IN A DOCUMENTARY
Greg Kimble and David Strohmaier monitor the assembly, in digital video, of a complete Cinerama image made from three individual films.
Showing Cinerama film clips in this documentary was a challenging task. First a way to
telecine from the original 3 panel - 6 perforation camera negatives had to be developed. Special effects
expert and Cinerama buff Greg Kimble labored for several weeks with the top engineers
at Pacific Ocean Post and Digital Magic in Los Angeles to perfect a technique to do this.
By using a Rank Ursa Gold Telecine with custom modifications, each panel was
separately converted into digital video. Once control of all three images was in the digital
domain the color between panels was corrected from the faded negatives. Using two D-1
decks and a modified Kaleidoscope, the images were combined and blended together into
a letterbox image that matched the Cinerama aspect ratio (2.59:1).
Three Cinerama films are combined to form a "letterbox" image.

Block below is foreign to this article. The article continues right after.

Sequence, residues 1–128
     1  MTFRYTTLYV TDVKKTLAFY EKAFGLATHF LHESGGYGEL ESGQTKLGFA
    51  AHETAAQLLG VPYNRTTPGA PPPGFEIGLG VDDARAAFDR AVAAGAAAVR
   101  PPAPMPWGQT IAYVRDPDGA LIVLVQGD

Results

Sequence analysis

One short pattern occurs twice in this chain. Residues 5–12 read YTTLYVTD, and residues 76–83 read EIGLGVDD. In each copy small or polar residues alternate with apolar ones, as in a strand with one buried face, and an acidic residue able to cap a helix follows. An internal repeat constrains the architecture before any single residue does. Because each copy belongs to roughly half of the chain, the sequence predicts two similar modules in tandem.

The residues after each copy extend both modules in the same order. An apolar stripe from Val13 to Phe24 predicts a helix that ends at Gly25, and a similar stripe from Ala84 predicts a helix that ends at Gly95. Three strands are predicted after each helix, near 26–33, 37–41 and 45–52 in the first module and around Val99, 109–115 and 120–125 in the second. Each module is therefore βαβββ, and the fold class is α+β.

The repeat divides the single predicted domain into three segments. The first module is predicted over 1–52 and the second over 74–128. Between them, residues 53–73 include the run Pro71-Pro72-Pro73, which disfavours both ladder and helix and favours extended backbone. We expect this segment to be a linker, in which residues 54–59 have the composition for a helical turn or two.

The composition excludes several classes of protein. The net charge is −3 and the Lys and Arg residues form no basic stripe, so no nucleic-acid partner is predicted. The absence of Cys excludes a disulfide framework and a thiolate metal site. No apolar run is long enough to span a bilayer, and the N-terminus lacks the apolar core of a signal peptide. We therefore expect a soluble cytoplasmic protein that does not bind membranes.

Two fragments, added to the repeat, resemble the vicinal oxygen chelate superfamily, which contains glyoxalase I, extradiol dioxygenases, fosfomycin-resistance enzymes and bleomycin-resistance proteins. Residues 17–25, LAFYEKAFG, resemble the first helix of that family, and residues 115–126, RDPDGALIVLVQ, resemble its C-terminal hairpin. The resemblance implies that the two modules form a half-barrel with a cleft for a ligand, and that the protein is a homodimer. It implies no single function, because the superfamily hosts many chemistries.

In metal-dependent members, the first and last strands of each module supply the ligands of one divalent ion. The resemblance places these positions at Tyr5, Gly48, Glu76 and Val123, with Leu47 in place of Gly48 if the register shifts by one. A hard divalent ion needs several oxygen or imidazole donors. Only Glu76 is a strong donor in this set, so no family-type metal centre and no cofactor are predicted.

Next the filmmakers and
engineers wanted to simulate the Cinerama screen by curving and bending the image as
if it were on a 146 degree Cinerama screen. This was done with a special group of settings
on a state-of-the-art graphics workstation called an "Inferno." Greg and the engineers
came up with the affectionate name for this process, "Smilebox". After seeing some of
these "Smilebox" clips inter-cut into the documentary in 2001, several Cinerama fans excitedly
commented on how much it looked like real Cinerama.
Smilebox frame from Search For Paradise
The Inferno workstation transforms the letterbox image to create a simulation of the Cinerama screen. This illustration is taken from a poor quality VHS tape. The image below, which is a frame from Search For Paradise gives a better representation of the state of the art Smilebox system today.
In addition to providing a simulated Cinerama image, there is less lost detail since a larger portion of the television screen is used. An unexpected benefit of the smilebox process is that distortions that would be normal when you display a curved image on a flat screen seem to disappear.
The Use of The Smilebox Logo